Tree of the year: Yew tree in Estonia and elsewhere
Lea Vaher describes the rarest of our domestic conifer species, and its use in Estonia and elsewhere in the world. The Irish yew tree, growing in its north-eastern edge of distribution in Estonia, is the most common among the 8-10 species of the world’s yews. It is an interesting relic species with extraordinary vitality and adaptability. The yew tree has remarkably slow growth and long life-time (up to 2000-4000 years). It is a poisonous tree all over and even a few berries can cause lethal results for humans as well as for cattle, especially for horses. The article gives a thorough and interesting overview of this little-known species.
Estonian Nature enquires
Enn Vilbaste writes about the impacts of Estonia joining the Schengen visa space, i.e., the loss of borders.
Agu Remmelg reflects on the effects of the new waste sorting regulation for waste managers.
Three quarters of a century of Estonian Nature
A look into the history of „Eesti Loodus” in text and pictures. On February 15th, 1933, the first issue of „Eesti Loodus” was published by the Estonian Naturalists’ Society. The journal was published in 1933-1940, and was enlivened in February 1958. Therefore we can celebrate two anniversaries: 75 years from the first issue of „Eesti Loodus”, and 50 years from the birth of the new „Eesti Loodus”. The article summarizes the main points in the history of the magazine.
Erni Krusten’s short story about spring, and offspring of humans and birds. The short story was first published in the first issue of the 1958 „Eesti Loodus”.
Tatjana Krama’s dissertation created excitement in animal ecology: birds are very helpful not only towards their close relatives, but also towards other birds of the same species. The author has proved that mobbing – a joint attack against a predator that would not be attacked alone – is common among most small birds. The main thesis of the dissertation was to find out if birds act based on the reciprocal altruism model while mobbing, even if it can cost the bird its life. The article gives an overview of the experiments made and methods used within the study, and the exciting results regarding the mobbing behavior of small birds.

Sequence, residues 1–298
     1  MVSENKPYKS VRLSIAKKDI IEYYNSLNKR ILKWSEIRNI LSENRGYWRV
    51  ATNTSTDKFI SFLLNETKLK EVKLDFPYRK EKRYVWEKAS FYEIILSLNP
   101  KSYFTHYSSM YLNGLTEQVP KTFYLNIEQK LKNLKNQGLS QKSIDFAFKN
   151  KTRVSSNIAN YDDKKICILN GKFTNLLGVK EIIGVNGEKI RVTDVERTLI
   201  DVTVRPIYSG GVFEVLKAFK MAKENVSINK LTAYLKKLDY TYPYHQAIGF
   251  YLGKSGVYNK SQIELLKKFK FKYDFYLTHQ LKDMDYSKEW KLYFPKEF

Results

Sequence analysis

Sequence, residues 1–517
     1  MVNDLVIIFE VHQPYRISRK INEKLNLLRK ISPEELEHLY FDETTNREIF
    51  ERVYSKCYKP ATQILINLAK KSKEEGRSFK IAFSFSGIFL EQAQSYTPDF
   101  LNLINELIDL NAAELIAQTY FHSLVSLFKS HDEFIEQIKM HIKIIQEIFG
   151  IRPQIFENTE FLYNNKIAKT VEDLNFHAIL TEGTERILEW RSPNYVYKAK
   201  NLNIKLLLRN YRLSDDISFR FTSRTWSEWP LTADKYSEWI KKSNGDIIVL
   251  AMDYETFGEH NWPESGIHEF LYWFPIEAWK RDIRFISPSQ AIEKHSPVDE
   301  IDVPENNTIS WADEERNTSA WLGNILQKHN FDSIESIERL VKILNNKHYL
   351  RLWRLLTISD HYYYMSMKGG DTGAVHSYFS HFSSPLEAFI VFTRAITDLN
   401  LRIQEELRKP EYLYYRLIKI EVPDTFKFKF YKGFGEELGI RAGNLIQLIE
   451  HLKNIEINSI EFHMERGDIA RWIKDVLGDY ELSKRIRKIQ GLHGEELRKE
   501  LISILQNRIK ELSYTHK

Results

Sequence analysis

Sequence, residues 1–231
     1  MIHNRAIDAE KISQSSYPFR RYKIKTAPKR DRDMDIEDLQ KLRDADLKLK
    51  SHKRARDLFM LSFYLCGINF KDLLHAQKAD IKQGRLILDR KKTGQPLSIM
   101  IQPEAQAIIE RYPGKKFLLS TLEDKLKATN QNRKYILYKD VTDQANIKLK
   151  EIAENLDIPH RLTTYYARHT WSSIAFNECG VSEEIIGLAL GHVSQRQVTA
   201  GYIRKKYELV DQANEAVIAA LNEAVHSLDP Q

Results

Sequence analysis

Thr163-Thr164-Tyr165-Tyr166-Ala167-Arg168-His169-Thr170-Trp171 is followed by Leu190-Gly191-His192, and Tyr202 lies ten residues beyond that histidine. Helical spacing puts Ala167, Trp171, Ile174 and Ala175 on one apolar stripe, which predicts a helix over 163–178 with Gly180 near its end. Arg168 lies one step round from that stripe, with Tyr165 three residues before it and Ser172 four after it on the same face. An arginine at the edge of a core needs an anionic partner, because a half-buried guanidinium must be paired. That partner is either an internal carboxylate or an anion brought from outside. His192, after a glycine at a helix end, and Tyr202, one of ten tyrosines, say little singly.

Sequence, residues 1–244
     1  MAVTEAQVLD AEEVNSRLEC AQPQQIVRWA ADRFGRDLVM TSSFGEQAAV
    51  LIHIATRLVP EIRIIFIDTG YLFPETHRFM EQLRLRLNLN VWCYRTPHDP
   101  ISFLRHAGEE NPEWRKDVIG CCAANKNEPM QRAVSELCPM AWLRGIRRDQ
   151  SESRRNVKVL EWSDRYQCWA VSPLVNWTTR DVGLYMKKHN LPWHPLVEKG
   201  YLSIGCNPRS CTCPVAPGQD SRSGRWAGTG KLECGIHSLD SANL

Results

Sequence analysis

The discovery of the Japanese plants
Heldur Sander reminds stories from the 17th-18th centuries, when the closed society of Japan started to open up for the Europeans. The author lists the main scientists with noteworthy input for the study of Japanese vegetation.
Practical tips: Our mushrooms: Boletes II
Vello Liiv’s second part of the overview of Boletes, introducing next 5 species, including some rare ones.
The green masters of bird taverns
Toomas Ili takes a glance at the everyday life of the Greenfinch based on his observations by the bird tavern, and presents his close-up photographs of the bird.
Interview: Estonian scientists are pleasantly pedantic
Juhan Javoiš has interviewed Mare Lõhmus, an animal scientist and physiologist.
Hiking trail: The trails around Karusekose
Marko Kaldur introduces the hiking trails of the Soomaa National park, which are worth visiting even in wintertime. He briefly describes 4 hiking trails: Riisa (5 km), Meiekose (3 km), Ingatsi and Toonoja trails, as well as the rivers of the park – Raudna, Halliste and Navesti – that are good for canoeing. Toonoja is an ancient village scattered around on bog islands, with no permanent residents nowadays.
Along the northern spread of the Hornbeam
Tapio Vares shares his impressions of the populations of the Hornbeam in Latvia – the northernmost area of the natural distribution of the tree. He gives a short history of the tree in Estonia (during the Atlantic climate period) and describes the Hornbeam specimens met on his trip to Latvia, particularly in Grobina and Lukne. The Lukne Hornbeam wood near the border of Lithuania is Latvia’s only hornbeam wood.
What’s up with nature?
Conference of Semiotics in Tartu.
Riin Magnus tries to find answers to the abovementioned questions, leaving the ends open. The conference paid much attention to natural disasters and their impacts on societies, but focused also on different meanings of different terms that can cause confusion in discussions about nature and nature protection.